The influence of children’s exposure to language from two to six years: The case of nonword repetition

Gary Jones
  • Cognition, August 2016, Elsevier
  • DOI: 10.1016/j.cognition.2016.04.017

What is it about?

Nonword repetition has traditionally been viewed as a measure of short-term memory that shows strong correlations across many language measures, thus implicating short-term memory in language learning. This paper shows that in fact, nonword repetition is a measure of the child's current linguistic competence rather than reflecting a short-term memory capacity constraint.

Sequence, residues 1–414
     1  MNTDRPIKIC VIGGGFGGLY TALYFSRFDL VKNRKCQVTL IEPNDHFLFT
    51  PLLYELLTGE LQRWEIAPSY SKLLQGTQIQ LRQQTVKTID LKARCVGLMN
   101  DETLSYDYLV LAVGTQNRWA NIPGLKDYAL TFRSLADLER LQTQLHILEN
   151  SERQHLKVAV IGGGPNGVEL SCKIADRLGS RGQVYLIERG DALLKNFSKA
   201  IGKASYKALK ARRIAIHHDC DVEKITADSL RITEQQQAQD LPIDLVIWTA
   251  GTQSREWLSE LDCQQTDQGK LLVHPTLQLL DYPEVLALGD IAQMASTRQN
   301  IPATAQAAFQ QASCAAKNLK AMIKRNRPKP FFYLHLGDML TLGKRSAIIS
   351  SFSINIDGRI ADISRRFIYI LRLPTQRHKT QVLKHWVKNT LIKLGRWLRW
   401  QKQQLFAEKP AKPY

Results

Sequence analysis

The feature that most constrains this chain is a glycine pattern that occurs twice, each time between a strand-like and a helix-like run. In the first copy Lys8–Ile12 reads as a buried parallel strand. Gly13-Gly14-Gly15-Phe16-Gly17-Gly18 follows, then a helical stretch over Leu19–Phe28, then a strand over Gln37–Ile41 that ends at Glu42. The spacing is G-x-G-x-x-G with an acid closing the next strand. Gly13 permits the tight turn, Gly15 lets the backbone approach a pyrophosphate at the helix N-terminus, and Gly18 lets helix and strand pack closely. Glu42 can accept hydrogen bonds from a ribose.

Why is it important?

Along with Jones and Macken (2015), we show that traditional measures of short-term memory primarily reflect long-term learning. This has implications for the plethora of papers that have drawn conclusions relating to the involvement of short-term memory across a wide-range of domains.

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The following have contributed to this page: Dr Gary Jones